The analysis of supply and demand on the labor market is one of the main research fields in labor economics. Although the recent theories of the labor market accept the heterogeneity of jobs and workers, they also pay attention to very different details of job/employee matching processes. Search theory of labor markets and a derivative matching function concept underline a complex and time-consuming seeking procedure between employers and unemployed persons. (e.g. Rogerson et al. 2005). The crucial from the point of the matching function estimation is the quality of data. In all reported studies data are obtained from public employment services databases. However, public statistics methodology often assume that companies report the number of job vacancies voluntarily.Footnote 2 As a result, the most frequent bias in registered data is connected with its underestimation (e.g. Paull 2002, Feng and Hu 2013, Gałecka-Burdziak 2016—for the Polish case). Additionally, for such reasons as saving time, money or just too much effort, data are usually reported with a frequency of a month, a quarter or even a year (Scott and Varian 2014). Other common problems result from a delay in obtaining the data. We get job vacancies statistics every month but in fact, we do not know what is happening between these time points. The situation in Poland is unfavorable as Public Employment Service presents only stock data at the end of each month. Some of these job offers were reported a long time ago but because of high turnover or other issues they are available in registry for months. Such statistics may be perceived as obsolete and not well suited to the reality of a highly dynamic labor market. The last but not least is a bias associated with a specific type of job vacancies that are registered in labor offices. The jobs are often addressed to low-skilled workers and the wage offer is usually equal or slightly higher than the minimum wage in Poland (Roszkowska et al. 2017). Sztandar-Sztanderska (2017) on the basis of qualitative research claims that PES in Poland is marked with institutional and organizational instability, limited human resources, insufficient spending on labor market programs. This state of affairs discourages employers from contacting labor offices and register the vacancies through the complicated, time-consuming procedure. Because of that, the number of registered unemployed persons that find the job within a given month often exceeds the number of vacancies registered during this time (Tyrowicz 2014; Nagel 2016).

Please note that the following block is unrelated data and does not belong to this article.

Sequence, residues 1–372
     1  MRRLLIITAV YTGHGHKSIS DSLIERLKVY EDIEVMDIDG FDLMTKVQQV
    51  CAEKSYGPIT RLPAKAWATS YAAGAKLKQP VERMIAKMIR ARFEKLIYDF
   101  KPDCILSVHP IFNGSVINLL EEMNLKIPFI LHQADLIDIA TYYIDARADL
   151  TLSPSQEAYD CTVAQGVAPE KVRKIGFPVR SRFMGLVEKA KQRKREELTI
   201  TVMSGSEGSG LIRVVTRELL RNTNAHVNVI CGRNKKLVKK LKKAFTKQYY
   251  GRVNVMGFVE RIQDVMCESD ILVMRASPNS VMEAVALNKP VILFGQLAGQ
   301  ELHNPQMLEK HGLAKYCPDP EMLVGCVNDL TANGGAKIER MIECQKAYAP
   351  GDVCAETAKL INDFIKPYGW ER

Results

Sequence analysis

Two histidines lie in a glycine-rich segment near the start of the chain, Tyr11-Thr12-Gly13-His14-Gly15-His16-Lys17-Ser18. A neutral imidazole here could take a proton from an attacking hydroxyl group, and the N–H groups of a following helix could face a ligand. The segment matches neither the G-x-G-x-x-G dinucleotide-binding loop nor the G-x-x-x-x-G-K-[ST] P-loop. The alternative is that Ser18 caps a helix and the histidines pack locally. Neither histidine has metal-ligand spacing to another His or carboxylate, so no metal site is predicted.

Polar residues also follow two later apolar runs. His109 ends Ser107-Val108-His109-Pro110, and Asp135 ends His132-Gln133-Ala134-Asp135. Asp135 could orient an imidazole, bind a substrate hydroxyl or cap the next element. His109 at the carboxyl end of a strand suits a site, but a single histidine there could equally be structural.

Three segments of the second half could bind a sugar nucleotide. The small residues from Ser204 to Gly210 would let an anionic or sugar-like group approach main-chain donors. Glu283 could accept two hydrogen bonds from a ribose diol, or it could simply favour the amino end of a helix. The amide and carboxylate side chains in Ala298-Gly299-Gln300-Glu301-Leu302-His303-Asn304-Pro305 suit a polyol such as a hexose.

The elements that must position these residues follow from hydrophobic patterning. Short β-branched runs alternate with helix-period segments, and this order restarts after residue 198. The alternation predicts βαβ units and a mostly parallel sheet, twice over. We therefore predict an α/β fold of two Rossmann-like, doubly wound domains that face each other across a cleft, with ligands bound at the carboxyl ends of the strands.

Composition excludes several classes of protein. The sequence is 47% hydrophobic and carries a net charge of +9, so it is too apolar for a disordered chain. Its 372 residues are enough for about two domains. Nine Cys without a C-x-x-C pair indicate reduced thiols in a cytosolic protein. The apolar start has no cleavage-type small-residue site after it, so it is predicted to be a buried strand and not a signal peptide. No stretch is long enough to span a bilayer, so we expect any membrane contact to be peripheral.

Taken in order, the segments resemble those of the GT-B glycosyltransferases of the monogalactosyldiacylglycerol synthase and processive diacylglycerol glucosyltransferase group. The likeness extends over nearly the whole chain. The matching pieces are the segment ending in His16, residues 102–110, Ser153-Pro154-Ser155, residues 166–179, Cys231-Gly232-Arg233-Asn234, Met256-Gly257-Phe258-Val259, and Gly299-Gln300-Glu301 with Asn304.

As a result, access to reliable data on the inflow of vacancies was the major problem for us as several sources confirmed the poor quality of registered data on vacancies in Poland. In fact, the only plausible quantitative data could be accessed through internet job portals and there was no common database that could be accessed. The solution is API interface that could extract and aggregate the data on job vacancies from the largest job portals in Poland. The other argument that supports the approach is that the role of the Internet in the job-seeking procedure is incontestable all over the world (Suvankulov et al. 2012; Smith and Page 2015, Eurostat, 2018). Nowadays, the internet traffic is still rising and there is strong evidence that the largest flows of job vacancies can be accessed through the network. Such job offers appear on the web portals that aim at pairing job seekers with employers.